Defines a one-to-many dependency between objects so that when one object changes state, all its dependents are notified and updated automatically.
You have two classes, the subject and an observer which registers itself with the subject and receives notification callbacks when data changes in the subject.
Here are the two most important methods of a subject:
- Attach an observer. Observers are notified after each step (the Update() method of the observers are called).
- Remove an observer.
Furthermore, subjects have two methods used to prevent multiple calls to the observers if a complicated change (consisting of many small changes) is made to the subject:
- To be called before a compound change is made to the subject. Observers are not informed before the corresponding call to BundleOff().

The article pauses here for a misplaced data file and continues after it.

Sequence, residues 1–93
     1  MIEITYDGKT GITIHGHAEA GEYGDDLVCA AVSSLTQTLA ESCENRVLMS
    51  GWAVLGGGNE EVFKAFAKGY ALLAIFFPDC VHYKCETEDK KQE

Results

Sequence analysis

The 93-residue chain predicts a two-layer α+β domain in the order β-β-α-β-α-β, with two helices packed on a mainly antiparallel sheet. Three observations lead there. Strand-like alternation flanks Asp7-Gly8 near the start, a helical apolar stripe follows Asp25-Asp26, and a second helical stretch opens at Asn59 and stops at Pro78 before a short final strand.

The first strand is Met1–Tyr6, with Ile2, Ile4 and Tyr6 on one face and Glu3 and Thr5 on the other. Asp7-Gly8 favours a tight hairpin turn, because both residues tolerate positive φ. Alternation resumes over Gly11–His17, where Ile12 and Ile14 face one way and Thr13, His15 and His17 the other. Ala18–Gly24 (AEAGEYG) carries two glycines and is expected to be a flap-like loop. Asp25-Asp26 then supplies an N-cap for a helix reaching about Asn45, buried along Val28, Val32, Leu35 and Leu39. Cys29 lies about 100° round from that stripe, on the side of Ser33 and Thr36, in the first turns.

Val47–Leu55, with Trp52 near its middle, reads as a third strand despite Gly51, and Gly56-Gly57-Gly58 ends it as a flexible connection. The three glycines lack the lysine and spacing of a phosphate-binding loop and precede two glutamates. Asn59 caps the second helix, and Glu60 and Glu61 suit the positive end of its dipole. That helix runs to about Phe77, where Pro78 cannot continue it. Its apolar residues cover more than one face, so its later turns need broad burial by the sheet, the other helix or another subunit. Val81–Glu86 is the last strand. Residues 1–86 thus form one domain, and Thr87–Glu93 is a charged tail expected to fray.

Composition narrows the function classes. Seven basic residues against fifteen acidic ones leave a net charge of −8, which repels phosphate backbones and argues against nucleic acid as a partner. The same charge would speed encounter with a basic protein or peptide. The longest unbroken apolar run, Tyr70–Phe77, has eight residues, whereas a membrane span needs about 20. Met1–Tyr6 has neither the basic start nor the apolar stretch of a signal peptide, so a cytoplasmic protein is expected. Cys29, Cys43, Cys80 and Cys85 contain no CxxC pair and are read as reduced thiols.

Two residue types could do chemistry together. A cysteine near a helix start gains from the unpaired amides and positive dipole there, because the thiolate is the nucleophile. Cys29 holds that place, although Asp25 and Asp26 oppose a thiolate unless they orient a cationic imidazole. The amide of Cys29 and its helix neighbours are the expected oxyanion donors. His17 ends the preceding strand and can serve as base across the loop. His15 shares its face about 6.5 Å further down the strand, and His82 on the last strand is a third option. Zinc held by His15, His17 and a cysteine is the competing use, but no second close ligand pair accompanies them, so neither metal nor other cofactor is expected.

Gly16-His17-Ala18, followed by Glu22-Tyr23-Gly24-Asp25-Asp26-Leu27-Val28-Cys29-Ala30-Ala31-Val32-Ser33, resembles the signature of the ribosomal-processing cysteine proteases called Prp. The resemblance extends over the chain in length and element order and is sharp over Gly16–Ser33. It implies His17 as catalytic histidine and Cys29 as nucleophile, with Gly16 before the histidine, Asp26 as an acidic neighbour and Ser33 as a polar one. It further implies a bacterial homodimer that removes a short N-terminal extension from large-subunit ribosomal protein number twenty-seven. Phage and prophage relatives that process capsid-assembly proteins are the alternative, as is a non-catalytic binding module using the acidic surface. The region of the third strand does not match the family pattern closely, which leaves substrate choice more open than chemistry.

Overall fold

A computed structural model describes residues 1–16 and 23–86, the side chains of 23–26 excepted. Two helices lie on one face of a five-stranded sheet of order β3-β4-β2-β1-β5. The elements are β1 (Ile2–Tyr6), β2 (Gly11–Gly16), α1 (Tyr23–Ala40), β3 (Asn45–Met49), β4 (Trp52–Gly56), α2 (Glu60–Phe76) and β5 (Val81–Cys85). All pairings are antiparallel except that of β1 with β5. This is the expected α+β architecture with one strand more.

- If the subject has been modified, observers are called, and further changes to the subject will cause observers to be called immediately. If calls to BundleOn/BundleOff are nested, only the outhermost call to BundleOff will cause notification of the observers.
The method making an object an observer is Update():
- This function is called whenever the subject has changed.
Often observer objects have an optional argument to their constructor, called interval. interval=N specifies that only every N'th call to Update() has an effect.
Examples of attaching observers to a dynamics object is given in the section on trajectories.
class Subject: def __init__(self): self.observers =  self.bundling = 0 self.pending_notify = False def Attach(self, observer): if observer not in self.observers: self.observers.append(observer) def Detach(self, observer): if observer in self.observers: self.observers.remove(observer) def Notify(self): if self.bundling: self.pending_notify = True else: for observer in self.observers: observer.Update() def BundleOn(self): self.bundling += 1 def BundleOff(self): self.bundling -= 1 if self.bundling < 0: raise ValueError if self.pending_notify and not self.bundling: self.Notify() self.pending_notify = False